He was very aware of how  ill he was and looked and asked for no visitors but  Me, Dad and big brother, he was very concerned  about upsetting and worrying people. This was not how he wished to be remembered.

Two weeks passed in this way until we received the go ahead  for BRAF  inhibitor (April 2011) by then the only way to get P from Stoke to the Christie was via ambulance with his IV,  oxygen etc. He couldn't even stand. I was  very afraid we would be told  he was no longer well enough.

Its worth mentioning here  that as Pete was still only 14 the drug was being given to us on compassionate grounds but although it is my signature on the consent form  Pete was fully aware of the potential risks and benefits. I have been accused of cruelty " delaying the inevitable"  but the final say was all his.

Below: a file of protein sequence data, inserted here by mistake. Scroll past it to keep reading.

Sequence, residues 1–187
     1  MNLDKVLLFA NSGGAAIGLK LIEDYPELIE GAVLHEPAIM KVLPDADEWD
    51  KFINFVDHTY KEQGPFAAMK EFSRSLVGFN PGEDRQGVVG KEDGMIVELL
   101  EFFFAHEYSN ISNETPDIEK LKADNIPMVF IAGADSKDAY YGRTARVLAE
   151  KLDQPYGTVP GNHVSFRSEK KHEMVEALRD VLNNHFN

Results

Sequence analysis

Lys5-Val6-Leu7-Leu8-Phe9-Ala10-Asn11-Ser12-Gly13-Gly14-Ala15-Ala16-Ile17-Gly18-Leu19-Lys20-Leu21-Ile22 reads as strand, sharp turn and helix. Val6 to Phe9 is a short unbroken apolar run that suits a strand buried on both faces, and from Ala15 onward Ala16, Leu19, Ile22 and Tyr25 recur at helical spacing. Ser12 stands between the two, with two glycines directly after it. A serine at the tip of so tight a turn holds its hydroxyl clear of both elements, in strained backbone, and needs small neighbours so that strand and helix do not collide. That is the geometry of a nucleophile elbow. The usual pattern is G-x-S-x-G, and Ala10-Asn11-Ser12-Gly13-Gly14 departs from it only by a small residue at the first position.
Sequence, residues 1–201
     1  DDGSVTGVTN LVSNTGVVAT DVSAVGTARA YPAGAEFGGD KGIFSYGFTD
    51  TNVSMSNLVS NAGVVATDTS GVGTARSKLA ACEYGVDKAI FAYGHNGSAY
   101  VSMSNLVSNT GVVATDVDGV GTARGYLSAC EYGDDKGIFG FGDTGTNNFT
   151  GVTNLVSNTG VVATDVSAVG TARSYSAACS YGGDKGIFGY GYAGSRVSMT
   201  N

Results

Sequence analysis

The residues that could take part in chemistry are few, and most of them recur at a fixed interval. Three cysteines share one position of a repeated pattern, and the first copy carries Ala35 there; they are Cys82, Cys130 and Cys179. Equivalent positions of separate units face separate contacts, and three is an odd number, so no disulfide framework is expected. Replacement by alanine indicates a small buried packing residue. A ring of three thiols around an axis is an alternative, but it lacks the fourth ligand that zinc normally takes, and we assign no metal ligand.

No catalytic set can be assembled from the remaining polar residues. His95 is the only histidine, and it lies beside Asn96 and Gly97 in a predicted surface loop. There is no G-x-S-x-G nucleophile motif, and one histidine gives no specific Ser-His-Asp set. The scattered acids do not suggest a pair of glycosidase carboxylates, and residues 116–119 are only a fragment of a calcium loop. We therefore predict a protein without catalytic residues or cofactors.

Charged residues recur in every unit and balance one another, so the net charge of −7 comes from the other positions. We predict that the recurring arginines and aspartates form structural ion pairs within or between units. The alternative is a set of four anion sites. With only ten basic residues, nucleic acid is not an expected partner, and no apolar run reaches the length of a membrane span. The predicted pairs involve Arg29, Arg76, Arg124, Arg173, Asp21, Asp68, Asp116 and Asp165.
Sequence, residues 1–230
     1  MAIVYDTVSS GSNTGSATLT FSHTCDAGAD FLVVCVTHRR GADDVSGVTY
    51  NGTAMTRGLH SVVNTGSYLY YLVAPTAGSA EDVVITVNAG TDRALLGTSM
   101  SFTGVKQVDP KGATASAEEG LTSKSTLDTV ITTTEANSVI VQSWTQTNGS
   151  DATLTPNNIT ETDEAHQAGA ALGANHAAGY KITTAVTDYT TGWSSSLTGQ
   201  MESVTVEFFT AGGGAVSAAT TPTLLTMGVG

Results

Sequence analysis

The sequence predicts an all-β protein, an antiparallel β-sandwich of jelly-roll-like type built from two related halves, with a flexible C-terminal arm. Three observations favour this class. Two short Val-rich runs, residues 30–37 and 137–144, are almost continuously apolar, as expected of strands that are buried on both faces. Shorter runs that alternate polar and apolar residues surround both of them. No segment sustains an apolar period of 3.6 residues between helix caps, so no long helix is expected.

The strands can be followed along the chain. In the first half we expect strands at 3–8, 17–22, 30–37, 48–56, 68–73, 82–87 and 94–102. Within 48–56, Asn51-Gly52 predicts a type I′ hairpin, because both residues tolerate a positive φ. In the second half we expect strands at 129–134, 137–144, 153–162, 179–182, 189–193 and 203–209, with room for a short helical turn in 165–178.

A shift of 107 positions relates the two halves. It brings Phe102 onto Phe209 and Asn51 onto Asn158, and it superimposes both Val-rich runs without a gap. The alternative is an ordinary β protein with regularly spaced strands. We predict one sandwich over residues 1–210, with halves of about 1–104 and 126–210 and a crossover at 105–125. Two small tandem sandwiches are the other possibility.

We have been lucky and I have been thanking God consultant and drug company ever since.

Within  36 hours (less) the cough stopped, Pete stopped pressing his morphine, the doctors started to hear the air flowing into his lungs again,  nurses were coming in to see for themselves the miraculous change in this poorly child. 3 days later he came home. He has experienced no side effects whatsoever.

Very quickly he regained the  strength and weight he had lost. The first CT  scan at 6 weeks showed the 2 largest tumours had shrunk from tennis balls to ten pence pieces.

Most importantly the "not for resus" was scribbled out of his notes.

We have just been able to enjoy an active happy summer and last week Pete started full time school taking 4 favourite subjects last years work and this years concurrently.